Many Exchange Servers Are Still Vulnerable to Remote Exploit

A privilege-escalation vulnerability patched in February by Microsoft continues to affect Exchange servers, with more than 80% of Internet-connected servers remaining vulnerable, one firm reports.

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Almost four months after Microsoft patched a serious vulnerability in Microsoft Exchange servers, more than 350,000 Internet-connected servers continue to be vulnerable to the privilege escalation flaw, according to a report published on Wednesday.

While Microsoft patched the issue (CVE-2020-0688) in February, more than 80% of Internet-connected Microsoft Exchange servers remain vulnerable, requiring attackers to find or phish only a single valid credential to completely compromise a company's email system, threat-protection firm Rapid7 stated in its "2020: Q1 Threat Report." According to the company's scan data, only 7,000 systems — about 2% of the total — have been patched in the four weeks between the end of March and end of April, indicating that companies are not prioritizing the issue.

While Microsoft has only rated the vulnerability as "important," attackers' focus on collecting credentials means that the barrier to exploiting the vulnerability is actually quite low, says Wade Woolwine, principal security researcher at Rapid7.

"This vulnerability gives attackers something to do with all those credentials that they have phished from your employees," he says. "It's really important for companies to patch these types of vulnerabilities, even if they are on a defined 30-day patch cycle."

Email and messaging servers are a popular target of sophisticated hackers and state-sponsored espionage actors. Russia's military intelligence agency, for example, has targeted vulnerable EXIM mail servers, exploiting them to gain access to the contents of organization's e-mail messages. Two years after Microsoft closed security holes in the Outlook mail client, Iranian hackers continued to attempt to exploit the vulnerability, often with some success, the US Cyber Command warned last year.

The latest Microsoft Exchange vulnerability is caused because the software does not generate unique encryption keys at the time of installation, according to Trend Micro's Zero-Day Initiative, which was credited by Microsoft for reporting the vulnerability.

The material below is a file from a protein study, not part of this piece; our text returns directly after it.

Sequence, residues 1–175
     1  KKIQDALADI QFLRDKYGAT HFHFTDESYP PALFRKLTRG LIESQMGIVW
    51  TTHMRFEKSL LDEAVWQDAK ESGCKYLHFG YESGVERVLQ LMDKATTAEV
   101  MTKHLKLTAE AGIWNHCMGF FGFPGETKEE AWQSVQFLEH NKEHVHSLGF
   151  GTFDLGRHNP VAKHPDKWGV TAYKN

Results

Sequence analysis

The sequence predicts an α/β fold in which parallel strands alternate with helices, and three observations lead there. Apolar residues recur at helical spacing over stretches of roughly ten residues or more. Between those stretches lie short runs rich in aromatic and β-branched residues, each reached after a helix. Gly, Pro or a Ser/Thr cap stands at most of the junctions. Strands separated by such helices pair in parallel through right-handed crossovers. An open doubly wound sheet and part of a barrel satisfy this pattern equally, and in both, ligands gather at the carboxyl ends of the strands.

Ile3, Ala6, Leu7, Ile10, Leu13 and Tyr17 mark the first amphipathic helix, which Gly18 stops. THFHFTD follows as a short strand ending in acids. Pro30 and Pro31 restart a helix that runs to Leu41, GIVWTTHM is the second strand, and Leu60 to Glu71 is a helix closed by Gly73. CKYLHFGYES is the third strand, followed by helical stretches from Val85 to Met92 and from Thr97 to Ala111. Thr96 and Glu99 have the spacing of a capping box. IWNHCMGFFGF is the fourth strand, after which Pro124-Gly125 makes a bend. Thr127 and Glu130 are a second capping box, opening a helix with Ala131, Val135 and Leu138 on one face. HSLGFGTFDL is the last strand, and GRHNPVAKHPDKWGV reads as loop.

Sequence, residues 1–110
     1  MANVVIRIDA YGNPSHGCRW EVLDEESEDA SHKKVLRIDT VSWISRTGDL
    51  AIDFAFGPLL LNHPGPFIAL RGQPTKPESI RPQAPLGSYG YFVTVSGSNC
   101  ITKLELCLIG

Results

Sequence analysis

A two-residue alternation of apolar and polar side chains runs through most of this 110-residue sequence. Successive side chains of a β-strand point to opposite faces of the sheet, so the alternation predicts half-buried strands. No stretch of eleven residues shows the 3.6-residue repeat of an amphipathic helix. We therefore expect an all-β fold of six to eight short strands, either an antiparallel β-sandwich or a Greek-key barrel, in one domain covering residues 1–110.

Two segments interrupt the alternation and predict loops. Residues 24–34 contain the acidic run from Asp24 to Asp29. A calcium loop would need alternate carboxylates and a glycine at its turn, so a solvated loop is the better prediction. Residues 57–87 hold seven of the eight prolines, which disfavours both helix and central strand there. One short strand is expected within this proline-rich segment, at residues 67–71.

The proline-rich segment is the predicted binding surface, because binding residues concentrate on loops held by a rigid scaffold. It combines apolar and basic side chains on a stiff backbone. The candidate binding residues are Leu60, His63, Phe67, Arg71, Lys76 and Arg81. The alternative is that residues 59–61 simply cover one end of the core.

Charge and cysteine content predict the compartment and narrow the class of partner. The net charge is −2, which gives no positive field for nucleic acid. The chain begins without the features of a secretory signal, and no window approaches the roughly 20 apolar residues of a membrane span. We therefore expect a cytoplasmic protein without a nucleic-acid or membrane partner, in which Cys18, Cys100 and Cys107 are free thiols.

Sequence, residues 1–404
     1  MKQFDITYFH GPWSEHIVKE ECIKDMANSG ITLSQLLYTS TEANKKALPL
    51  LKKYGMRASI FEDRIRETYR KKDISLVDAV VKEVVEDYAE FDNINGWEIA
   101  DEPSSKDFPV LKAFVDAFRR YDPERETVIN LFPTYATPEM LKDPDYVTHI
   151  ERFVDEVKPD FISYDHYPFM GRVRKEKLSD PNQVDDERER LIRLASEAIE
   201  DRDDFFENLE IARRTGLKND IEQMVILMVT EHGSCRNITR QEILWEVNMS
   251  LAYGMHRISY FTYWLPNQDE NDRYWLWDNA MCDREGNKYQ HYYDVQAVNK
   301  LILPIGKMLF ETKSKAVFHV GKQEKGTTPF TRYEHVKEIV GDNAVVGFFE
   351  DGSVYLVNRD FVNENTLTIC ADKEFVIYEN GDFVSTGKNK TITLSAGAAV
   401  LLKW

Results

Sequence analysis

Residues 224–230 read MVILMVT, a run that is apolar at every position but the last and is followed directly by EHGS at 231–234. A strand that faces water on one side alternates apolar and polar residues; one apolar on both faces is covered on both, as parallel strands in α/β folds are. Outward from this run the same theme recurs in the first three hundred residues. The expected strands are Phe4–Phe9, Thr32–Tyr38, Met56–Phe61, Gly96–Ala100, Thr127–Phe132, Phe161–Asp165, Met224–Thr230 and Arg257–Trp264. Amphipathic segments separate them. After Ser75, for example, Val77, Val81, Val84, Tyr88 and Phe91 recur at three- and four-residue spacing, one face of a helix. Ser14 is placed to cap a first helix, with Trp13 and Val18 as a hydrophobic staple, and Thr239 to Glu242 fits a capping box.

Rapid7, which regularly scans the Internet to gather data on vulnerable software, said the vulnerability should be considered critical, adding that it "terrifies us."

"The sensitive data that is exchanged over email, and the ease with which an attacker can social engineer their way into valid credentials, combined with the limitless impact of owning access to executive mailboxes makes this worthy of a critical priority, drop-everything-else-now patch," the company said in its report.

The report underscored that compromised credentials continue to pose a significant threat to companies, with 74% of incidents reported by the firm's managed detection and response (MDR) to clients involving compromised credentials. Using credentials against Web-accessible applications, cloud services, and API servers continues to be one of the most significant data breach threats, second on the list of common attack methods only behind phishing, according to Verizon's "2020 Data Breach Investigations Report."

"Attackers love credentials because they are very easy to get," Rapid7's Woolwine says. "It is always — at least, most often — about credentials. With everything moving to the cloud, those credentials are just so much more valuable."

Yet Rapid7 also found other threats — including attacks on the technology used by remote workers to connect to their company's network. Virtual private network devices — including those from Cisco, Citrix, Fortinet, and Pulse Secure — all had vulnerabilities targeted by Internet-wide scans, suggesting that attackers are likely looking to compromise the devices to use as a beachhead into targeted firms.

At least one vulnerability has already led to breaches at companies. Out of the 17 breaches investigated by Rapid7 in the first quarter, nine were due to a critical vulnerability in Citrix NetScaler.

Overall, however, the company did not see a massive increase in compromises as businesses had to adapt to stay-at-home orders at the end of March while the coronavirus pandemic's impact spread. The 17 breaches investigated by the firm during the quarter were about the same as previous quarters, Woolwine says.

"We were really expecting pandemonium," he says. "If you look at the perfect storm of fear and frustration and political issues, the pandemic appears to deliver the sort of chaos that attackers thrive on. But we didn't see nearly as many compromises as we expected."

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About the Author(s)

Robert Lemos, Contributing Writer

Veteran technology journalist of more than 20 years. Former research engineer. Written for more than two dozen publications, including CNET, Dark Reading, MIT's Technology Review, Popular Science, and Wired News. Five awards for journalism, including Best Deadline Journalism (Online) in 2003 for coverage of the Blaster worm. Crunches numbers on various trends using Python and R. Recent reports include analyses of the shortage in cybersecurity workers and annual vulnerability trends.

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